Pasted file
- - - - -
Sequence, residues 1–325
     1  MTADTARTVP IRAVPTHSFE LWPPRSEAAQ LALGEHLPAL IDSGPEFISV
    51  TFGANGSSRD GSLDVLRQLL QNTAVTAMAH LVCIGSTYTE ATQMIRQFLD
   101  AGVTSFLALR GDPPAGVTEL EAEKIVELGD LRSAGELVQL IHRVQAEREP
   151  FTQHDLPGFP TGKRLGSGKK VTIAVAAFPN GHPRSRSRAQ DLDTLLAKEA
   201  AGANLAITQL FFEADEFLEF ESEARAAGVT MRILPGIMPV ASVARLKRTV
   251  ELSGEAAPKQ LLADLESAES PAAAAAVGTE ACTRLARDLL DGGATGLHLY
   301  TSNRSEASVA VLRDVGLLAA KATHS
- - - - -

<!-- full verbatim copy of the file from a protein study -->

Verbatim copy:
Sequence, residues 1–325
     1  MTADTARTVP IRAVPTHSFE LWPPRSEAAQ LALGEHLPAL IDSGPEFISV
    51  TFGANGSSRD GSLDVLRQLL QNTAVTAMAH LVCIGSTYTE ATQMIRQFLD
   101  AGVTSFLALR GDPPAGVTEL EAEKIVELGD LRSAGELVQL IHRVQAEREP
   151  FTQHDLPGFP TGKRLGSGKK VTIAVAAFPN GHPRSRSRAQ DLDTLLAKEA
   201  AGANLAITQL FFEADEFLEF ESEARAAGVT MRILPGIMPV ASVARLKRTV
   251  ELSGEAAPKQ LLADLESAES PAAAAAVGTE ACTRLARDLL DGGATGLHLY
   301  TSNRSEASVA VLRDVGLLAA KATHS